Pak has 60 N-bombs, building 'more'

US Congressional report confirms that Pakistan is expanding its nuclear arsenal

The latest report by Congressional Research Service (CRS) — a research wing of the US Congress which prepares reports for Congressmen — has confirmed the recent statements and media reports that Pakistan was expanding its nuclear arsenal.
“Pakistan’s nuclear arsenal consists of approximately 60 nuclear warheads. It continues fissile material production for weapons, and is adding to its weapons production facilities and delivery vehicles,” said the report ‘Pakistan’s Nuclear Weapons: Proliferation and Security issues’, which was issued on Thursday for media.
Admiral Mike Mullen, Chairman of the US Joint Chiefs of Staff, at a Congressional hearing on May 14 had confirmed that the US has “evidence” that Pakistan is expanding its nuclear arsenal. Also, a similar report was published in The New York Times early this month.
Pakistan stores its warheads unassembled with the fissile core separate from non-nuclear explosives, and these are stored separately from their delivery vehicles, it said.

Deterrent

Pakistan does not have a stated nuclear policy, but its “minimum credible deterrent” is thought to be primarily a deterrent to Indian military action. “Deterring India’s nuclear weapons and augmenting Pakistan’s inferior conventional forces are widely believed to be the primary motivation for Islamabad’s nuclear arsenal,” the CRS said.
The report further states that Islamabad gained technology from many sources including uranium enrichment technology from Europe, blueprints for a small nuclear weapon and missile technology from China.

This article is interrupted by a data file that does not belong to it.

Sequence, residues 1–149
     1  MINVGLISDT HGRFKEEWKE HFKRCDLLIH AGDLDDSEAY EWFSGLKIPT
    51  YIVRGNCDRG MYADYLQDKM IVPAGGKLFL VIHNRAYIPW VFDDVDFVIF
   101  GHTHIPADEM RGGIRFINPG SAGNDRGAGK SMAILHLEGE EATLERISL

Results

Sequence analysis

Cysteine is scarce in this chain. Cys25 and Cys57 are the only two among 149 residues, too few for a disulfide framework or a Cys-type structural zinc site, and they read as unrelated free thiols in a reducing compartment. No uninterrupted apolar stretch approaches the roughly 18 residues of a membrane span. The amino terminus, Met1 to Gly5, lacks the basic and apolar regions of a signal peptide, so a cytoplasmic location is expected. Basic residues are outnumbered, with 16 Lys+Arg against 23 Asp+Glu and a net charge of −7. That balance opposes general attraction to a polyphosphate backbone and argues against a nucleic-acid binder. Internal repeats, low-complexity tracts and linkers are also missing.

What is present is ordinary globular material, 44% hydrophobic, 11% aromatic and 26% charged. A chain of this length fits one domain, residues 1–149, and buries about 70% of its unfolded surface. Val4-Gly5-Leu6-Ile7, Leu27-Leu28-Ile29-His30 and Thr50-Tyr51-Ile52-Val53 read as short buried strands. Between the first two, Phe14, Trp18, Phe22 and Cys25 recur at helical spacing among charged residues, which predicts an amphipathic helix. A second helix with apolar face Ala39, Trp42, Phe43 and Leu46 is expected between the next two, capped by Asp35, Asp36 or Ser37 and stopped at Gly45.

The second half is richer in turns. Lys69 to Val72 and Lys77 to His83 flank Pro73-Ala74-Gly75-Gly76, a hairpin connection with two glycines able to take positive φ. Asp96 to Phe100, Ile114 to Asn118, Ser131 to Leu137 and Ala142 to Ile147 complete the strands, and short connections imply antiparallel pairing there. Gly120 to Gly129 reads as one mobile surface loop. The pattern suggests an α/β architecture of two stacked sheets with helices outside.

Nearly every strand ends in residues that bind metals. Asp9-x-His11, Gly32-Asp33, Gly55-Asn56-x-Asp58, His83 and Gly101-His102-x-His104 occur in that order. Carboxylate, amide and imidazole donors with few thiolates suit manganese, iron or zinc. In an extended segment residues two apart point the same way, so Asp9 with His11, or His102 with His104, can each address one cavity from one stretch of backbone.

Pakistan’s nuclear warheads use an implosion design with a solid core of highly enriched uranium (HEU), about 15-20 kg per warhead and “Islamabad continues to produce about 100 kg of highly enriched uranium for weapons every year,” the report said.
Referring to the expansion of Khushab plutonium production reactor — by adding two additional heavy water reactors with Chinese help — the report said “the continued expansion of the complex and production of weapons materials could indicate plans to increase its nuclear weapons arsenal in the near future.”
The CRS reports that even as Pakistani officials have said that they have already determined the arsenal size needed for a minimum nuclear deterrent and they will not engage in an arms race with India, all indications were otherwise.
Mullen also confirmed that the US has “evidence” that Pakistan was expanding its nuclear arsenal and construction of additional nuclear reactors was a pointer in that direction. The CRS said that Pakistan has pledged no-first-use against non-nuclear weapon states, but not ruled out first-use against a nuclear-armed aggressor that attacks Pakistan, for example, India.
This ambiguity serves to maintain deterrence against India’s conventional superiority. Others argue that keeping the first-use option against New Delhi allows Islamabad to conduct sub conventional operations, such as support for low intensity conflict or proxy war in Kashmir, while effectively deterring India at the strategic level.

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